Monday, June 8, 2015

The English People on the Eve of Colonization


The English People on the Eve of Colonization
© 1954 Wallace Notestein
302 pages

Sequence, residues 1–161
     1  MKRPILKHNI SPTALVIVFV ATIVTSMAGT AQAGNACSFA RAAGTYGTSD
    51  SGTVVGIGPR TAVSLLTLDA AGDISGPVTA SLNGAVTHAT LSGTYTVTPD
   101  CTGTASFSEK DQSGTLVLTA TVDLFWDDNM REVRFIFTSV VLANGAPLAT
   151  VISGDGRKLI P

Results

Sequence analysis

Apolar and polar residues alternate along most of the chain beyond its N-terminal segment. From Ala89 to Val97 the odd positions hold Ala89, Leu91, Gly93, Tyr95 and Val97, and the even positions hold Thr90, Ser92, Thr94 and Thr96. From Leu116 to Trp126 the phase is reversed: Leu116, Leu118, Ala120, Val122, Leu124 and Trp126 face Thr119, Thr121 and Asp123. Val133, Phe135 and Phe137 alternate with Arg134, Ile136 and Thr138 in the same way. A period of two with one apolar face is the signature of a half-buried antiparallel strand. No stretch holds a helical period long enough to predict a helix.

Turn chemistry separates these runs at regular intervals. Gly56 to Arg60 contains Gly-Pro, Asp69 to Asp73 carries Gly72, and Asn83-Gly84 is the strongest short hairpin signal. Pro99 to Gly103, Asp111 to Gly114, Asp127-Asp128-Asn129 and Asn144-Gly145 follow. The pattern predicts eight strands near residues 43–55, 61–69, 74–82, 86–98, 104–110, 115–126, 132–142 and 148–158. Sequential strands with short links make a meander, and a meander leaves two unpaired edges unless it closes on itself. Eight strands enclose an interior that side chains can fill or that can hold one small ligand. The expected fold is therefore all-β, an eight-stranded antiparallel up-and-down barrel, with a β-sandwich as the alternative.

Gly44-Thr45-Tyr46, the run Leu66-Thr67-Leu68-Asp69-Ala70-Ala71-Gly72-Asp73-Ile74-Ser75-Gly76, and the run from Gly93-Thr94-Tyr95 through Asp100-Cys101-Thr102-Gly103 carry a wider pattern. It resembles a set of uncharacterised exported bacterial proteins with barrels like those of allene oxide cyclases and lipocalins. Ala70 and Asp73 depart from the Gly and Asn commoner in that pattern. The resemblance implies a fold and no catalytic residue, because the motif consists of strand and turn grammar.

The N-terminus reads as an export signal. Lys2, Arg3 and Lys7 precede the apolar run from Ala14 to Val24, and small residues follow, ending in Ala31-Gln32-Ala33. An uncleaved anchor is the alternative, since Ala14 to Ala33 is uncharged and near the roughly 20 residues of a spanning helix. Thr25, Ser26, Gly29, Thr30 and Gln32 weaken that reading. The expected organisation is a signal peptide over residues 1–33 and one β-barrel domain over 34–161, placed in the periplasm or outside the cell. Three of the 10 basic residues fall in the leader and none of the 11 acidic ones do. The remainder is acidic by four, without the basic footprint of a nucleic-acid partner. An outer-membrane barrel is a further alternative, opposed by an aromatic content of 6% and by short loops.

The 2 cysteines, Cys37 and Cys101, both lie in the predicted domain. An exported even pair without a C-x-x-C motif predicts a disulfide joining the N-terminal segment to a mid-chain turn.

If there was ever an exemplar for not judging a book by its cover, The English People on the Eve of Colonization is it. The binding is plain and burdened by an unwieldy title that seems to threaten readers with clouds of dust and pages of population statistics upon opening. Instead,  Wallace Notestein delivers a lively social history that opens the hood (or bonnet, if you prefer, since we’re looking at the English) of Stuart England, revealing the social machinery at work inside.  Here are the daily lives of men both great and small – the details of their work,  their concerns – and an examination of the institutions which create and sustain civilization Notestein’s chatty survey gives life to farm laborers, country gentlemen, sheriffs and justices of the peace; he also takes us to the Inns of Court and the universities, the very marrow of intellectual life.    Although there are brief chapters on Parliament and the corporations that would lead the way in exploring the globe and settling the new world, the emphasis here is on the small and ordinary, and delivered in so personable a fashion that one is immersed in the life of centuries gone by without realizing he’s being educated.  Religion isn't addressed directly, beyond the life of the church as a community,  which is the only hiccup. 

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